It was reported that the Texas Rangers will make a qualifying offer to Nelson Cruz, which means they will receive draft pick compensation if Nelson departs the team as a free agent. If Cruz elects the offer he is entitled to a one year $14.1 million deal from the Rangers. During the last week of 2013 the Mets were in a bizzaro standings battle to finish with a bottom ten record in order to have their pick protected from situations such as Cruz. They were, we now know, up to the task, and can bid on Cruz without that obstacle. We hear Choo’s name much more, but does that make sense? What do you think, Jimmy, should Nelson Cruz be a target?
Just a quick word about the “qualifying offer,” for any readers who might be unclear. Essentially, after the last Collective Bargaining Agreement (CBA), the requirements for free-agent compensation were overhauled because the old system — with Elias mysteriously slotting free agents into grades A, B, or C — was arcane and preposterous. Let me quote FanGraphs:
“If a team wants compensation for a lost free agent, it must extend to that free agent a qualifying offer. If the player subsequently declines the offer and/or signs with a new team, compensation will be received . . . The qualifying offer is a one-year contract worth the average of the top 125 salaries. This year, that average is $14/1 million . . . . If a player accepts the qualifying offer, that’s it, he’s signed. If a player doesn’t receive a qualifying offer, he’s free to sign anywhere and there’s no compensation to talk about. If a player declines the qualifying offer and signs elsewhere, or if a player signs elsewhere within the Acceptance Period, then that’s where compensation becomes a thing.”
Well, to back up, my expectation is that the price for Choo will be too rich for Sandy’s blood. Whereas Cruz sort of fits. The last contract he signed was for two years, $16 million. During that time, he was suspended for PEDs. Sandy likes to shop at Target, not Tiffany’s, and Cruz fits the budget. The Ballpark at Arlington is well-known as a hitter’s park, and Cruz’s three-year home away splits are what you’d expect:
- Home (2011-13): .279/.340/.546
- Away (2011-13): .249/.299/.432
That is, at home he’s Edwin Encarnacion; while away he more or less becomes Mitch Moreland. There’s a tendency out there to put too much stock in home/away splits. My unscientific opinion is that the real player is somewhere in the middle. But it’s important to recognize the Mets would not be getting the production he enjoyed hitting in the Rangers’ bandbox. Adjust expectations accordingly. Citi Field is not kind to RH power hitters. However, Cruz crushes LHP (.951 OPS over past 3 seasons) and that’s a significant team need. He’s an authentic threat at the plate; a professional hitter.
Who would you rather have for the next two years? Nelson Cruz or Marlon Byrd?
All things being equal, I’d rather have Cruz. They both have the PED background so that is the same either way. With Cruz he will be leaving Arlington and it would be naive to believe that would have no effect. But Byrd has just had a nutty season, he has never done anything like what we saw in 2013. Cruz has an injury history, he misses time every season, but he has put up some real numbers for years. That consistency is worth something.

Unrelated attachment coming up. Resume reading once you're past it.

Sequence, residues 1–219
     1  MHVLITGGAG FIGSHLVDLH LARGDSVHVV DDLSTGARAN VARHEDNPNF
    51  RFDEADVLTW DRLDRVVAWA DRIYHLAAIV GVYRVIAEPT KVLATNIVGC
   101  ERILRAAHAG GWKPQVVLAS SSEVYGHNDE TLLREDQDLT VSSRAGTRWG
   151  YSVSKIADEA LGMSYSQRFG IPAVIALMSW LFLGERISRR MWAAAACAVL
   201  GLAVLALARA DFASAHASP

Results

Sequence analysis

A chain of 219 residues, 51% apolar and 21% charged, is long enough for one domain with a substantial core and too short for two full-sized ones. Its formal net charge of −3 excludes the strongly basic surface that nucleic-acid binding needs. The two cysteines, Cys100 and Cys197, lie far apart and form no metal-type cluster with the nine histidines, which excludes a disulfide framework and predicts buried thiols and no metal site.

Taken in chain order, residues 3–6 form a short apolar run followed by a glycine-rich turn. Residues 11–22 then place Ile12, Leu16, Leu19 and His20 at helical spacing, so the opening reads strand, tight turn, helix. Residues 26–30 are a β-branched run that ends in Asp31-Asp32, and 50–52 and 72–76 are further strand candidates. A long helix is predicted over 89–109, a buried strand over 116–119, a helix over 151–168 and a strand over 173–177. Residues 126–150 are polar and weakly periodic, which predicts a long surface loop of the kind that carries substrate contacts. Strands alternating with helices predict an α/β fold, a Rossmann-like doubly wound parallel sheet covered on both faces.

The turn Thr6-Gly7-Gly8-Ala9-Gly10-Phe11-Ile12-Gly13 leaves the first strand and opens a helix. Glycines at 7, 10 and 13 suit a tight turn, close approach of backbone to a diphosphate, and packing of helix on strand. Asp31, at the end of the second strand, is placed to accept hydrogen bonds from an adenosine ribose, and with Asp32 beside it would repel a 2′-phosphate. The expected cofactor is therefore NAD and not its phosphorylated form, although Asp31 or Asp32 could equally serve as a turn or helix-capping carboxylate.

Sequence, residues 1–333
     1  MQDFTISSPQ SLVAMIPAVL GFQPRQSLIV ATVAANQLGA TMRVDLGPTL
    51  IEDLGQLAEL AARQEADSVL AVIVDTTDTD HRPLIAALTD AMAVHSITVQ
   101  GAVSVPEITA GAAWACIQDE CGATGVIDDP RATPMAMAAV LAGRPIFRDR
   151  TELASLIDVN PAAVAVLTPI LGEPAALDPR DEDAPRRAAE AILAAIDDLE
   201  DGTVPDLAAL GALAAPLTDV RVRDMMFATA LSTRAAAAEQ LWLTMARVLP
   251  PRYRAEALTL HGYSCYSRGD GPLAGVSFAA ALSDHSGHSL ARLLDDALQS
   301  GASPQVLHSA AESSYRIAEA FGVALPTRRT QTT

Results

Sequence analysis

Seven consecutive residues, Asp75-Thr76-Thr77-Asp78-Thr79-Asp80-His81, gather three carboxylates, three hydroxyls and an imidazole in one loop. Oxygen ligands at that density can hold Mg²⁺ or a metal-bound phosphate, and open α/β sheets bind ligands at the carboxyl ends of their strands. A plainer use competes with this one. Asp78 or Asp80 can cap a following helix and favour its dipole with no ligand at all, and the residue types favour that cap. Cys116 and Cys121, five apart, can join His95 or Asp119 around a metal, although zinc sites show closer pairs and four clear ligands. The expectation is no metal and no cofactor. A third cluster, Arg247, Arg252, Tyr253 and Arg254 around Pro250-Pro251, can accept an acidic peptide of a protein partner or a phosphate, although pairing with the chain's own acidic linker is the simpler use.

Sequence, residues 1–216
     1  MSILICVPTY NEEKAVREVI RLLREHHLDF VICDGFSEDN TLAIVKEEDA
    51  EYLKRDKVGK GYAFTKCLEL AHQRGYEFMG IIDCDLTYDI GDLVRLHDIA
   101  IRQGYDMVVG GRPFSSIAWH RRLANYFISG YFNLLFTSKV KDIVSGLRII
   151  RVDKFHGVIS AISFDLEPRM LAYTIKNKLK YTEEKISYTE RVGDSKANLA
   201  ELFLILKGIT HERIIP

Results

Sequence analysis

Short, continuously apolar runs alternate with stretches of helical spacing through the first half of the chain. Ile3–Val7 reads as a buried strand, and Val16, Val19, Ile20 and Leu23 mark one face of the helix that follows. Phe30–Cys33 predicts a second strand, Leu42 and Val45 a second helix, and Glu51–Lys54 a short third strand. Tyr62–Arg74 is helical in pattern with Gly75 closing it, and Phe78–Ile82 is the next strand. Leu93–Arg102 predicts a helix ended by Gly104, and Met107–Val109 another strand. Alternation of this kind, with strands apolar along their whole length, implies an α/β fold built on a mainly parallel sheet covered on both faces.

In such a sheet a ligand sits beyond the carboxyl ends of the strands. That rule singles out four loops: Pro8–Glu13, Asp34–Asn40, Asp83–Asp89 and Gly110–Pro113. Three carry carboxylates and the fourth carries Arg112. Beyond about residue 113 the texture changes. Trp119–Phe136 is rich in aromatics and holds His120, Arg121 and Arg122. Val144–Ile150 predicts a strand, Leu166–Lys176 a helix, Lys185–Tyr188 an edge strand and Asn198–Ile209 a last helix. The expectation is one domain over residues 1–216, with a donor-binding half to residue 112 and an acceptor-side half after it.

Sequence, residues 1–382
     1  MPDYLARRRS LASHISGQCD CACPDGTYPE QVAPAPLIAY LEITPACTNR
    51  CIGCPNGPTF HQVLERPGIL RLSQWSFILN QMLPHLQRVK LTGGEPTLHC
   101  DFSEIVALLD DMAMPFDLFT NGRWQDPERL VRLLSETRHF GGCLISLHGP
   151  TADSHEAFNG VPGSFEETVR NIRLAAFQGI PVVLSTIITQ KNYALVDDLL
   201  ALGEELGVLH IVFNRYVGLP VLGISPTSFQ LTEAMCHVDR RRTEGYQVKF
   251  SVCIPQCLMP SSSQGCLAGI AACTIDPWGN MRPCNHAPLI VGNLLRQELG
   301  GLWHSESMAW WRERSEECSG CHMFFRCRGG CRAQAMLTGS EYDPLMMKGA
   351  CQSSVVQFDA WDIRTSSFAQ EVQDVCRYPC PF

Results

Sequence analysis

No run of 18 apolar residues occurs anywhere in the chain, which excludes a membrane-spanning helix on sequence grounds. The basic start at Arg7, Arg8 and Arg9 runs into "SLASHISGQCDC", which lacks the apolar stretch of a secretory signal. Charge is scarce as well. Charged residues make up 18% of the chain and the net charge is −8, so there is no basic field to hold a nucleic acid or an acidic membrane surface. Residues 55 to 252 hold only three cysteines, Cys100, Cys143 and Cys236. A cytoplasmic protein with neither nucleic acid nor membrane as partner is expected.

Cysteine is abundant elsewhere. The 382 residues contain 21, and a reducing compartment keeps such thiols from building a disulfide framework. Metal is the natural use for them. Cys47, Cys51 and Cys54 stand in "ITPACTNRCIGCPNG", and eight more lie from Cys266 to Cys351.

But that is the rub. That consistency leads me to believe that Cruz will get a three year contract, at a minimum. He already has a qualifying offer for one year at $14.1 million, the bidding starts there. I’ll give my prediction for his contract at three years $40 million. If we want to improve our team by April, 2014, Sandy, Jeff, Fred, and Saul are going to have to be ready to deal with reality. It is not going to be cheap.
When it comes to Byrd, I hope we pass. He was outstanding, and better yet we flipped him for prospects. When you make a killing in the casino you have to be able to walk away or you just lose it all back. That is how I feel about Marlon.
Because the $14.1 is a somewhat arbitrary number — yes, a team is willing to pay that for one year — I’m not convinced the bidding starts there. Three years at $30 might get it done. Also, we have not yet seen PED guys get much length in their contracts. That’s the real X-factor here. For reference, Melky Cabrera signed a two-year deal with the Blue Jays for $16 million just months after getting caught — and he badly under-performed. Maybe Cruz signs for 2/$24 with another organization. So I’m a little surprised by your 3 year/$40 million number. But you might be right, particularly when we consider the mad, mad, mad, mad world of baseball free agency. (Yeah, as a kid, I loved that movie.)
Last year the magic number was $13 million, which is the annual rate the Red Sox paid for Shane Victorino, Mike Napoli (before the medical issue forced new terms), and Ryan Dempster. The guy from that free agent period whom I wanted, by the way, was Jonny Gomes ($5 million). Because, like Cruz, Gomes is a gorilla against LHP.
Six experts over at CBS Sports made their predictions for the big free agents, and Mike Axisa — who? — picked the Mets for Nelson Cruz. Three experts picked the Phillies, with the other two teams listed as potential bidding rivals were the Mariners and the Royals. Times change, but I have a hard time picturing Sandy Alderson competing with any team for a free agent. Obviously, that has to change eventually.
Mike, you there?
Abreu at $11 million per is looking like a bargain. And if I’m Nelson Cruz, I’d rather hit in Philadelphia than in Flushing, though, I realize, money trumps all.
This sensational clip from “Mad Mad Mad Mad World” is for you, cool cats. Can you dig it?